Transfer restrictions under scrutiny

A year ago, Danielle Collins was on the move.

Looking for a coaching style that meshed for her, she left Florida after her freshman year and transferred to Virginia. Her first season as a Cavalier ended with her hoisting the NCAA women’s singles trophy on Monday afternoon at the Dan Magill Tennis Complex.

Her story is in stark contrast to what played out at Kansas State, where leading scorer and rebounder Leticia Romero was denied by the school a release to transfer after the program fired its basketball coach. That drew sharp criticism nationally. Athletic director John Currie and an appeals committee turned down all 94 schools on the freshman’s list of possible transfer options. But Tuesday, Currie and the committee granted her a release under a new policy: she can’t transfer to a Big 12 school.

“I think it’s really important that they keep that door open for people to transfer,” Collins said. “If you’re not happy at a program and if you get stuck at a program where your coaches don’t believe in you and you don’t really buy into everything that you’re coaches are doing, I think it’s important for you to leave where you are and go to another school where it’s best for you.”

Collins said transferring allowed her to grow not only as a player but as a person under a different coaching staff.

Florida did not restrict where Collins could transfer, but under Southeastern Conference policy she would have had to sit out a year if she transferred to another SEC school.

NCAA tennis transfer rules allow first-time transfers to compete right away at a new school while those who transfer in the high-profile sports of football, men’s basketball and baseball must sit out a year. A football player can play immediately if he transfer to the FCS level.

Those who transfer within conference in the SEC or Atlantic Coast Conference not only must sit out a year, but could lose a year of eligibility. In the ACC, an athlete would have to pay his or her own way and would lose a year even if they have a redshirt year to use. The SEC says if the school from which the athlete is transferring doesn’t get permission for the other school to contact, the athlete would have to pay his or her own way the first year, under NCAA rules, but that a redshirt year could be used if an individual hasn’t used it yet.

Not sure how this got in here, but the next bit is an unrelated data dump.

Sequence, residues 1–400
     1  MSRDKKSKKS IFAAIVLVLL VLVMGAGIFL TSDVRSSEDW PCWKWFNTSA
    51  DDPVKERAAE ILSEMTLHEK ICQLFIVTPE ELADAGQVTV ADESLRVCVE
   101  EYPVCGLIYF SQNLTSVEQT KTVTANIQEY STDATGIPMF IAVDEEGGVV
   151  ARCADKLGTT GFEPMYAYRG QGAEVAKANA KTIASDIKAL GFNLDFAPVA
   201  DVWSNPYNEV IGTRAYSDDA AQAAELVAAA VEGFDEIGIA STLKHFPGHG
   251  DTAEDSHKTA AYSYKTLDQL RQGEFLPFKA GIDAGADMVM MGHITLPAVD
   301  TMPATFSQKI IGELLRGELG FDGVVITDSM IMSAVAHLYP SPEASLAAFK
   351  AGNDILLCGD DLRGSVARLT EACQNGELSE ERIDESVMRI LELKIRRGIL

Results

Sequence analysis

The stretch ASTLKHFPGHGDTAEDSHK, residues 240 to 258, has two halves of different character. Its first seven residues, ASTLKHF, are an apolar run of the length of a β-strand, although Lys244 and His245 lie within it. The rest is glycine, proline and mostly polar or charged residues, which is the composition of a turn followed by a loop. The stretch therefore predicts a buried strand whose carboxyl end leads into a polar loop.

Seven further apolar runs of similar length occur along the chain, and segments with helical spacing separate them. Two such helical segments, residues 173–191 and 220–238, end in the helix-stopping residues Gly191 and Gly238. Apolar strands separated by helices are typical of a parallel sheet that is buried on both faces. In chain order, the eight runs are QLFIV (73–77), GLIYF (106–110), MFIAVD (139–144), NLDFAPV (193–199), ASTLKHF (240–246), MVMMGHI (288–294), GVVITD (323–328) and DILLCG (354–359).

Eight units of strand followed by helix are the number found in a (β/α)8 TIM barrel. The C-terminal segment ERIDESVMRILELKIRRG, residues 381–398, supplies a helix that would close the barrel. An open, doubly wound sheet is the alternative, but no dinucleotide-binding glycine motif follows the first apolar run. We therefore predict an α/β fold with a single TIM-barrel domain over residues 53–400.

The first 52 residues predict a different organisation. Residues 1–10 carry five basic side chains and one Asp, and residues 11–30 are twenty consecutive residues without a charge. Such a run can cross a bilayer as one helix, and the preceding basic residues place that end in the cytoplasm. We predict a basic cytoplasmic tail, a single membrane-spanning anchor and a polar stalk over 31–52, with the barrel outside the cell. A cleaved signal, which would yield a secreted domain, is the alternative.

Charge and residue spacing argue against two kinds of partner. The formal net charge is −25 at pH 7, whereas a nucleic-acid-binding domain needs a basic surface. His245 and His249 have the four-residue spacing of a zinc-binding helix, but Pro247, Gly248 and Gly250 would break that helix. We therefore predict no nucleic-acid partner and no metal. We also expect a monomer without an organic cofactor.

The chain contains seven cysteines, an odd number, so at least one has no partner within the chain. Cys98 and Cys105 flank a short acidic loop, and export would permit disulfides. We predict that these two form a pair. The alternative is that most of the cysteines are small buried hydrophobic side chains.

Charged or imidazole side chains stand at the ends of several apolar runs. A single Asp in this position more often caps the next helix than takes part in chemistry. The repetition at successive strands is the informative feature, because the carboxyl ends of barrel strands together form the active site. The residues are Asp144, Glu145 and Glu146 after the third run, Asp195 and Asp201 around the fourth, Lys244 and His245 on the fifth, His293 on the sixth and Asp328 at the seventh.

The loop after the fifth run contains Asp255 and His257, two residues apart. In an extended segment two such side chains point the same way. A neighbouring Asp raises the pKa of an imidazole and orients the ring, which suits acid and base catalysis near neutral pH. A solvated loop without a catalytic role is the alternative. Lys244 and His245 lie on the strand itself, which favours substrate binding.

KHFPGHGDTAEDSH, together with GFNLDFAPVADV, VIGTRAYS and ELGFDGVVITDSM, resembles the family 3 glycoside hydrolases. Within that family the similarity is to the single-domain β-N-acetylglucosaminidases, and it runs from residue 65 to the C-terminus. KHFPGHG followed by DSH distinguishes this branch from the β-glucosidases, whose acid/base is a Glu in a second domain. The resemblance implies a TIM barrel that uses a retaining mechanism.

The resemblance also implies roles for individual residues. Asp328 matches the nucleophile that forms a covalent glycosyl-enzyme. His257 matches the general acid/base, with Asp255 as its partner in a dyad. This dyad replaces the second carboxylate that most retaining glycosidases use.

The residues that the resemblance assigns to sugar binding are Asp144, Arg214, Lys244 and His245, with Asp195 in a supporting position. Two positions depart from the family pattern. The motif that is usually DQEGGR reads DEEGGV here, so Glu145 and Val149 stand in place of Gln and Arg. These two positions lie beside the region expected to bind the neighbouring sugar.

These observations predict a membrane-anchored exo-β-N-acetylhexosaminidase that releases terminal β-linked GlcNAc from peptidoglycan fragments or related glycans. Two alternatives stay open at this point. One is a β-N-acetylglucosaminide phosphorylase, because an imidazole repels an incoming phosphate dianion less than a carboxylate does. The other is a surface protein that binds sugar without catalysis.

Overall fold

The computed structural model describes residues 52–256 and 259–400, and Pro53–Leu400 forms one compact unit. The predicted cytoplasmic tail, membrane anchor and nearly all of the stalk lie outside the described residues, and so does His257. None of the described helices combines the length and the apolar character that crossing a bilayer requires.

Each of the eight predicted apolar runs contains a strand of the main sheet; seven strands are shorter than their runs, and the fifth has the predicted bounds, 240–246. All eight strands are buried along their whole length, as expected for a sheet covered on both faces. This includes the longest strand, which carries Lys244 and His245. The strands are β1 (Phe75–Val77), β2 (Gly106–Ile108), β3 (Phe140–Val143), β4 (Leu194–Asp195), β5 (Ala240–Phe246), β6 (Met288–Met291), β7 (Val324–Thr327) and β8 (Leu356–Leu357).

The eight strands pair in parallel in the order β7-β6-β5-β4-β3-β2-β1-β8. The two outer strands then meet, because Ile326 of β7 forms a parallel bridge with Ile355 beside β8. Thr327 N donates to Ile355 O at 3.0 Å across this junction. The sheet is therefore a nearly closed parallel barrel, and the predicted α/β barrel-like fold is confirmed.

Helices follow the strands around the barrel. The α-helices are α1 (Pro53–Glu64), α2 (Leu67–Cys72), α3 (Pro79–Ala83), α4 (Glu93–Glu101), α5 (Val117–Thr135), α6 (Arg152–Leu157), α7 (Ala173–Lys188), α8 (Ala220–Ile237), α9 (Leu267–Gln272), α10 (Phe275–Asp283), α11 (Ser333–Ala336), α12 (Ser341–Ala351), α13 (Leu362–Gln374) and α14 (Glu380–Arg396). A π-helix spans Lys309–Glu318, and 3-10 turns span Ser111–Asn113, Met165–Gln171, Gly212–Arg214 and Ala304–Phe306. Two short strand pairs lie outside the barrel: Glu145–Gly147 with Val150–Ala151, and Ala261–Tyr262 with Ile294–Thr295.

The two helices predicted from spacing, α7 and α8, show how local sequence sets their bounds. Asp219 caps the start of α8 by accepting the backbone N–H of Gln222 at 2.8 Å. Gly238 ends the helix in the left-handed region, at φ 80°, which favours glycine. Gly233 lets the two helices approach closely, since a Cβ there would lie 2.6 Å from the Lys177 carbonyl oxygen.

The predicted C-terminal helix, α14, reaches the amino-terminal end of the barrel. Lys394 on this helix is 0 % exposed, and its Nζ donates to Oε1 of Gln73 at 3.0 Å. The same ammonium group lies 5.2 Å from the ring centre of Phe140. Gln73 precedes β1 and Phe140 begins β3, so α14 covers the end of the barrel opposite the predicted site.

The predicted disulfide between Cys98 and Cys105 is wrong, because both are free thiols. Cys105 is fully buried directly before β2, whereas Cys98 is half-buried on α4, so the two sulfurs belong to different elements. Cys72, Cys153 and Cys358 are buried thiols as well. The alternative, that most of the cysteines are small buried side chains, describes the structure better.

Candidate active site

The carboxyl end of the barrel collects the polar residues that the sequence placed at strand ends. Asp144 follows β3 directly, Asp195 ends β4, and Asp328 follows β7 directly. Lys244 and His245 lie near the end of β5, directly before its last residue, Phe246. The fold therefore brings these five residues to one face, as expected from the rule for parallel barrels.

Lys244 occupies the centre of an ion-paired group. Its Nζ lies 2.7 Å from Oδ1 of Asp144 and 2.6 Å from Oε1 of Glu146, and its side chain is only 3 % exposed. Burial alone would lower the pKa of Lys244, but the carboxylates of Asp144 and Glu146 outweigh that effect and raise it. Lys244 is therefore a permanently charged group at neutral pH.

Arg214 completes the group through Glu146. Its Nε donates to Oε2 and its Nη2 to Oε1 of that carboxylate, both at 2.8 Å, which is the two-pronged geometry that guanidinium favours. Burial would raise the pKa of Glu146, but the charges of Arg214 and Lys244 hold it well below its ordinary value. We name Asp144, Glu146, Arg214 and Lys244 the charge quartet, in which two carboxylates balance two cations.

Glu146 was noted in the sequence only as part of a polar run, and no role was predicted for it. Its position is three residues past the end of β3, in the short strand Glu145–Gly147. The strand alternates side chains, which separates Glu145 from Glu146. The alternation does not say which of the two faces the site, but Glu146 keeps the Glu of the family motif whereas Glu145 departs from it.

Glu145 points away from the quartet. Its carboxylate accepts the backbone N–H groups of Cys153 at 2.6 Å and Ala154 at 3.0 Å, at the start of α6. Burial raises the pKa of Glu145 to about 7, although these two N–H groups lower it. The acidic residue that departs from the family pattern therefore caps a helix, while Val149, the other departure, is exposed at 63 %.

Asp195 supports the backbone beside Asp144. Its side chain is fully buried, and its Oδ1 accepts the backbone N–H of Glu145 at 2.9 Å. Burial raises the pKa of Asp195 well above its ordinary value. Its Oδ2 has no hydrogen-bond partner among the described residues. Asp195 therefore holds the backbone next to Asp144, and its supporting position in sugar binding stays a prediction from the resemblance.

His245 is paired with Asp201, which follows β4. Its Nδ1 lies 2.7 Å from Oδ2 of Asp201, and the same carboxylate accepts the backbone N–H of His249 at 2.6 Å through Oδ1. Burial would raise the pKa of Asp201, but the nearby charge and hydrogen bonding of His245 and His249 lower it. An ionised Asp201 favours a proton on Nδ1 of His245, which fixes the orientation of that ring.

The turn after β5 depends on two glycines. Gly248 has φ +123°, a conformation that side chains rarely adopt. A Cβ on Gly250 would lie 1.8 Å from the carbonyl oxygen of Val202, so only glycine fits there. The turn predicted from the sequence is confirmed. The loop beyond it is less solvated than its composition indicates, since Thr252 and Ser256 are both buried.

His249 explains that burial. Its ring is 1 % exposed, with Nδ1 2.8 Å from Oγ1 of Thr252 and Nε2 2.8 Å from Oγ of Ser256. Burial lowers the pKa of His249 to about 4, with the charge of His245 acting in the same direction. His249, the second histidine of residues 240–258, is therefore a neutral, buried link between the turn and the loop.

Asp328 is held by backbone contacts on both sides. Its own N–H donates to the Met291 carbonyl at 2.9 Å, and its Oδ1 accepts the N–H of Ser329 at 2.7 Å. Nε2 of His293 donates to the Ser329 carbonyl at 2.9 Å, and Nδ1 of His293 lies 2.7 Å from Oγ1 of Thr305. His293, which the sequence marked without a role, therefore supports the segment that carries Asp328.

With player welfare in college at the forefront nationally, transfer restrictions could be revisited.

“Clearly it’s time for us to have serious conversations about the transfer rule and how it applies,” SEC commissioner Mike Slive told the Associated Press last week. “I anticipate that there’ll be some spirited conversation about that once we get the autonomy to deal with that.”

The NCAA board of directors is expected to grant “autonomy” to the SEC and four other major conferences later this summer.

Men’s tennis (14.6 percent) and women’s tennis (11.3 percent) had the highest transfer rates from four-year schools in 2012-13, according to NCAA research. Basketball was second in men’s sports at 13.3 percent. Jeff Goodman of ESPN.com compiles a list in that sport that has reached 525 this offseason.

Meanwhile, the SEC is considering a change to its own transfer policies this week at its spring meetings in Destin, Fla., which started Tuesday, that would put it more in line with NCAA transfer rules when it comes to graduate transfers.

The SEC doesn’t prevent an athlete who graduates within four years from transferring to an SEC school to be eligible to play for a final season as a graduate student, which could put it at a competitive disadvantage.

The SEC did away with graduate student exceptions in 2011 after quarterback Jeremiah Masoli transferred from Oregon to Ole Miss. South Carolina has proposed allowing them again three different ways — for all sports, for all except football or for only basketball.

“What the feeling of the group is I don’t know,” Alabama athletic director Bill Battle said before the meetings began. “I’m not sure why we have policies more restrictive than the NCAA.”

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